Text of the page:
Yoga

Specialties

I specialize in the assessment and treatment of all eating disorders and related concerns. Eating disorders typically develop over time; initially symptoms are insidious and gradually become more consuming. You or your loved one may think the eating disorder symptoms are not severe enough to warrant treatment. However, if you suspect that you or a loved one may be on the path towards an eating disorder I urge you to seek treatment now. Don’t wait for it to get “severe enough” to seek treatment. Early intervention is one of the most robust predictors of full recovery. It is also important to note that there are many faces of eating disorders. Eating disorders occur across genders, sizes, shapes, ages, and ethnicities. You typically cannot tell that someone is struggling with an eating disorder by looking at them. These mistaken beliefs, such as eating disorders only affect white teen girls, and that you must be unhealthily thin to have an eating disorders, often prevents people from seeking treatment.

Anorexia Nervosa:

Anorexia Nervosa is a serious psychiatric illness characterized by losing more weight than is considered healthy for an individual’s age, height, and body type. Individuals with this illness typically eat very restricted diets in small portions. Anorexia often starts as a “diet” or a desire to eat more “healthy” but for individuals with a certain temperament, family history and circumstances, the obsession with thinness becomes all-consuming and dangerous. In addition to starving themselves, individuals with Anorexia Nervosa may over-exercise, self-induce vomiting, or abuse laxatives in an attempt to maintain an inappropriately low body weight. The psychiatric illness involves a persistent lack of recognition of the seriousness of maintaining an appropriate body weight for ones height. It is characterized by intense fear of gaining weight or becoming fat. One hallmark of the disorder is a distorted perception of the way in which one’s body weight or shape is experienced (i.e., despite low body weight, they may still see themselves as overweight). Anorexia has the highest risk of death compared to all of the psychiatric illness.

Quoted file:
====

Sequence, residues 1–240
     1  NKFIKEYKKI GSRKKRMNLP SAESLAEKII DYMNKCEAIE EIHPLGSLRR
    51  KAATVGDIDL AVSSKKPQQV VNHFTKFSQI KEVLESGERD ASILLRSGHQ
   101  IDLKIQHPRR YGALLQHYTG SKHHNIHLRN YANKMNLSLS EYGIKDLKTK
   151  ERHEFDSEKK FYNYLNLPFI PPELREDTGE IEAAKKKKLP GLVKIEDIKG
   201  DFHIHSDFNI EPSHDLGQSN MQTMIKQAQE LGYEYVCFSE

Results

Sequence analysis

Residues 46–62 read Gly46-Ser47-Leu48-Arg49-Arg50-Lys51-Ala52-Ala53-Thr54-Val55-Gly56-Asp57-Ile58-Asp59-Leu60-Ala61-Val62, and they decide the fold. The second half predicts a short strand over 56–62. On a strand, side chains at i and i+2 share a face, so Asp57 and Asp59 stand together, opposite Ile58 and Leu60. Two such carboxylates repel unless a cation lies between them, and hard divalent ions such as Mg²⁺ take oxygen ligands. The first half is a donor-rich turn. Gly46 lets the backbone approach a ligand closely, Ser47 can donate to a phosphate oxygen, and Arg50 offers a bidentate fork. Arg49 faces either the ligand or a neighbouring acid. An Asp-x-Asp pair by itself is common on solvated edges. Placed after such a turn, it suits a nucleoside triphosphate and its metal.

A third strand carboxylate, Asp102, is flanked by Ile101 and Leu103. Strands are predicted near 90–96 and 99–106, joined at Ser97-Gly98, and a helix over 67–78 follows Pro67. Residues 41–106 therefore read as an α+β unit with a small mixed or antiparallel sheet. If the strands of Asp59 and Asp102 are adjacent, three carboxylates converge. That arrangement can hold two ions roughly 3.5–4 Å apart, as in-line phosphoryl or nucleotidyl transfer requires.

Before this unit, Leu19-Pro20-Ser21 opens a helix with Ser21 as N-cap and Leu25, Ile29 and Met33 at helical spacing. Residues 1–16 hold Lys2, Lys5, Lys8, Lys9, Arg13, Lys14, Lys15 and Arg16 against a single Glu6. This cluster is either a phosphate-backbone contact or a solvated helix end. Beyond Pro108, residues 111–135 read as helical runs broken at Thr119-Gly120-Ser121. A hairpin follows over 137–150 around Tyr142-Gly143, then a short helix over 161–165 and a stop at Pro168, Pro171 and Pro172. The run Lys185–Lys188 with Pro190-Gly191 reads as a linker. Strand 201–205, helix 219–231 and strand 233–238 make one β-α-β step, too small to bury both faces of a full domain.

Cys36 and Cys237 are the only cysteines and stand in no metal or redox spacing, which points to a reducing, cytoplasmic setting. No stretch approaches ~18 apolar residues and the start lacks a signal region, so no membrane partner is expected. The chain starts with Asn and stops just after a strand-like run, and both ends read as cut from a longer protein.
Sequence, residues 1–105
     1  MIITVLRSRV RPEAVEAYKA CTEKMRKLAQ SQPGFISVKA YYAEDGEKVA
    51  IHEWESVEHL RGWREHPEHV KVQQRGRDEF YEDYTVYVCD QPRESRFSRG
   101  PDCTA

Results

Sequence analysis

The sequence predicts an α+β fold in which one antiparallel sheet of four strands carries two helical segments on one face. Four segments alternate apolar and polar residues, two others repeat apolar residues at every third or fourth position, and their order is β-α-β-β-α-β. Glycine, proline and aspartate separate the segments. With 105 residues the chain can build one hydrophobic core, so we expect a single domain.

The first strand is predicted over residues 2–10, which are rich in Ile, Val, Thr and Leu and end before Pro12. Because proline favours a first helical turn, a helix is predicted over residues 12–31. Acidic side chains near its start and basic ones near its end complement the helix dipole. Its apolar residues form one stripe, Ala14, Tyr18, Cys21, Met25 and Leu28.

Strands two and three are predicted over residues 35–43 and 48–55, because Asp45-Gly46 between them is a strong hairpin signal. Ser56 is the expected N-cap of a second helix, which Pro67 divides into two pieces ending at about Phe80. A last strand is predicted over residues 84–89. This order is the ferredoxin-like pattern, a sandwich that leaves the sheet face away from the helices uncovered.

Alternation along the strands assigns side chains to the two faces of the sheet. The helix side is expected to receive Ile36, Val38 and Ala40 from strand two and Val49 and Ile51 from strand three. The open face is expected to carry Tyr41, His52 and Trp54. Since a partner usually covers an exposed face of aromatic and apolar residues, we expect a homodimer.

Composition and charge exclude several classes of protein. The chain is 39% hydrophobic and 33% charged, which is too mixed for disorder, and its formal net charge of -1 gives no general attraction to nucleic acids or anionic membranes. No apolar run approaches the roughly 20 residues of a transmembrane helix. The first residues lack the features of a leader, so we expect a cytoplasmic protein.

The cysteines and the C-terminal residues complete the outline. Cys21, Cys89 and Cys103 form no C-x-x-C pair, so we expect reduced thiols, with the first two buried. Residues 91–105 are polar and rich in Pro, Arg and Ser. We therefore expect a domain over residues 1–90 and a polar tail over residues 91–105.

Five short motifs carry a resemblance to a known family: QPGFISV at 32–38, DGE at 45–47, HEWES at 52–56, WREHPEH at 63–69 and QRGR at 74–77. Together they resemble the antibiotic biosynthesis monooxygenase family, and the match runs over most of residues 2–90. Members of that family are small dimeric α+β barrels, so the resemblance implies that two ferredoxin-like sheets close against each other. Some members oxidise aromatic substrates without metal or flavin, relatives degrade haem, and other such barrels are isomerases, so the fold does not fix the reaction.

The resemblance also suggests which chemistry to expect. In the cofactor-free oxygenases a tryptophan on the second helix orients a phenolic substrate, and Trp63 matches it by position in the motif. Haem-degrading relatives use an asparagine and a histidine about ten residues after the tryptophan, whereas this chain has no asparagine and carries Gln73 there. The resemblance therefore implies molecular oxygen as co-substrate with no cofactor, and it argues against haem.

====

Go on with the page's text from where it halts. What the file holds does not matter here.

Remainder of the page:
Binge Eating Disorder:

Binge Eating Disorder is characterized by recurrent binge episodes. A binge is defined as eating an amount of food in one setting that is “objectively large.” Classic objective binge episodes can be anywhere from 1-10,000 calories consumed within a couple of hours. What constitutes an objective binge episode will vary from person to person and so eating episodes will be assessed carefully to see if they meet criteria for an objective binge. For example, it may be perfectly appropriate for an athlete to consume over 1000 calories in one setting in a pre-workout or recovery meal, yet for another person, the same amount may feel out of control, would causes distress, discomfort, and feelings of guilt and shame, etc. Binge eating is often triggered by extreme dieting or “good food/bad food” mentality (restraint theory). When an individual who is dieting eats a “forbidden food” this often triggers feelings of defeat and distress, resulting in a binge on those forbidden foods. The mentality may be that the “diet” will start over tomorrow so eat this while you can. Binge eating also may become a way to cope with difficult emotions such as loneliness, anger, sadness, or stress (emotion regulation theory).